Sources

Ezekiel and Elizabeth Tubbs b. 1727

Ezekiel and Elizabeth Tubbs, 6th great grandparents on RootsMagic tree

Ezekiel Tubbs was born on July 13, 1727 in New London, Connecticut. He was the youngest of nine kids of Isaac and Martha Smith Tubbs. His family was troubled and his mom had to go to court to get control of lands, or money and support the family because husband Isaac wasn’t. Ezekiel was the 3rd generation of his family born in America, great grandpa William Tubbs left England for America around 1634.

When Ezekiel was about 19 he married Elizabeth. She was from the same area and the same age, that’s all that’s known of her. Ezekiel and Elizabeth had 6 kids, 3 sons and 3 daughters.

Collections of the Connecticut historical society

Ezekiel was a soldier in the French Indian Wars in 1755 to 1759 from about age 28 to age 32. The French and Indian War had 2 sides: colonists from British America against New France (Canada) with American Indian allies on both sides. The War ended with the Treaty of Paris, then more wars followed. In 1778 records show an Ezekiel Tubbs fighting in the Revolutionary War, maybe it was this Ezekiel at age 51 or it could have been a son or nephew, it’s unsure.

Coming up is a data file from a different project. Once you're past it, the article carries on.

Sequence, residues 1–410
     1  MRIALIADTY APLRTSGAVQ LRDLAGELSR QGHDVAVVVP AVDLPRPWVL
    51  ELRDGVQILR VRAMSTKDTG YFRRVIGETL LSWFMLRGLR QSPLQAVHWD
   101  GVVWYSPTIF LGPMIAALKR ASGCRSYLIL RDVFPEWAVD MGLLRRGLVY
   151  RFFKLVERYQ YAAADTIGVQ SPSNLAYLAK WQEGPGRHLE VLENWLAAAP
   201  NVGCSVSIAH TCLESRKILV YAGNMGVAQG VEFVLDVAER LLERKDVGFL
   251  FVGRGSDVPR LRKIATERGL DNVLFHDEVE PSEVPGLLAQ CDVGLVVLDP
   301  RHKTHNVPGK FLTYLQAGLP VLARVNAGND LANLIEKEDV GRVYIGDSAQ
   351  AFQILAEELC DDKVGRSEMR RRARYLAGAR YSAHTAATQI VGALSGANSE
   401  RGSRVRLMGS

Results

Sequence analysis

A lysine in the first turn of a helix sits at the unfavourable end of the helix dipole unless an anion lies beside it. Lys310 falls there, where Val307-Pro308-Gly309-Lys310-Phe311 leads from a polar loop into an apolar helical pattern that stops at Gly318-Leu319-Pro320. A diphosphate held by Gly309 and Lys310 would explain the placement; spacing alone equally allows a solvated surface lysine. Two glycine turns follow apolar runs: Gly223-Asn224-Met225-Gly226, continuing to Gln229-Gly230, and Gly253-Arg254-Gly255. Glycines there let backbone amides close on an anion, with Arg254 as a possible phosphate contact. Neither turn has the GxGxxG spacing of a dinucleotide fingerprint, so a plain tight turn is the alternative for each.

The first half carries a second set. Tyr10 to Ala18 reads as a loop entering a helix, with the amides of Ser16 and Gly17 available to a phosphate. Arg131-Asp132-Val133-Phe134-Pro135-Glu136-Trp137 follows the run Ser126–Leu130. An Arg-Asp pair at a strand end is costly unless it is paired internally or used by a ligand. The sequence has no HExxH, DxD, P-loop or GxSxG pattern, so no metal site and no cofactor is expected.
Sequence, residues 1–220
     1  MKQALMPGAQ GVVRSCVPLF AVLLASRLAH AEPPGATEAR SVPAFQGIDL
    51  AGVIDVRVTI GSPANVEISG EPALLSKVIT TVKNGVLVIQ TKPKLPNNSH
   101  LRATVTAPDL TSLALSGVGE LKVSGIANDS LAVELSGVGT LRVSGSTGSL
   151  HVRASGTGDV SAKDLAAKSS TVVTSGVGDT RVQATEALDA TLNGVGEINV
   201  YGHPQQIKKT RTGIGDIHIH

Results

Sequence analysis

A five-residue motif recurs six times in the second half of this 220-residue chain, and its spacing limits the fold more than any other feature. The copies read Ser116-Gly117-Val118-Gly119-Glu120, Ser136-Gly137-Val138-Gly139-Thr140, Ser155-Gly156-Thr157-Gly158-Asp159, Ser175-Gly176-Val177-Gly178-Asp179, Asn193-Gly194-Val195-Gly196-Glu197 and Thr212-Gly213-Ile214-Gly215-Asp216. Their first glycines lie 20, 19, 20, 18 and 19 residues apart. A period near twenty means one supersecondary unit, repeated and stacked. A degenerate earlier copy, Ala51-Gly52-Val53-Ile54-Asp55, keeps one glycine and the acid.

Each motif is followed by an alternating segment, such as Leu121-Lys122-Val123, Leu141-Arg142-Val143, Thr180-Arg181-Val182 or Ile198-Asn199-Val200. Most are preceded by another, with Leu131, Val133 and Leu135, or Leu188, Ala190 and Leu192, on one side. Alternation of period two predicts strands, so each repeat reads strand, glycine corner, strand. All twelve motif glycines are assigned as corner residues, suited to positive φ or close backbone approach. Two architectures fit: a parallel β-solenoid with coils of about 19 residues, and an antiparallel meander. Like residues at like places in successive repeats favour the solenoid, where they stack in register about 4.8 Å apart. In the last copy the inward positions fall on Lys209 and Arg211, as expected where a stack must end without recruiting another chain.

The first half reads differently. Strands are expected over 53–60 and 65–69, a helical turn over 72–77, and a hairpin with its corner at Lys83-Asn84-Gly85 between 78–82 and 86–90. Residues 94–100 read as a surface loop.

Ezekiel and Elizabeth probably died around 1790, probably in New London, Connecticut. Their 3 sons Ananias, Lemuel and Ezekiel fought in the Revolutionary War then married, had families. Daughter Experience married Samuel Cooley. Daughters Elizabeth and Abigail married Gaines brothers. Elizabeth married David, Abigail married Joseph Gaines. Abigail and Joseph, 3rd great grandparents of Faber Miller had a son Obed. Obed traveled to Iowa with his older sons who farmed, started families in Bremer & Butler Counties.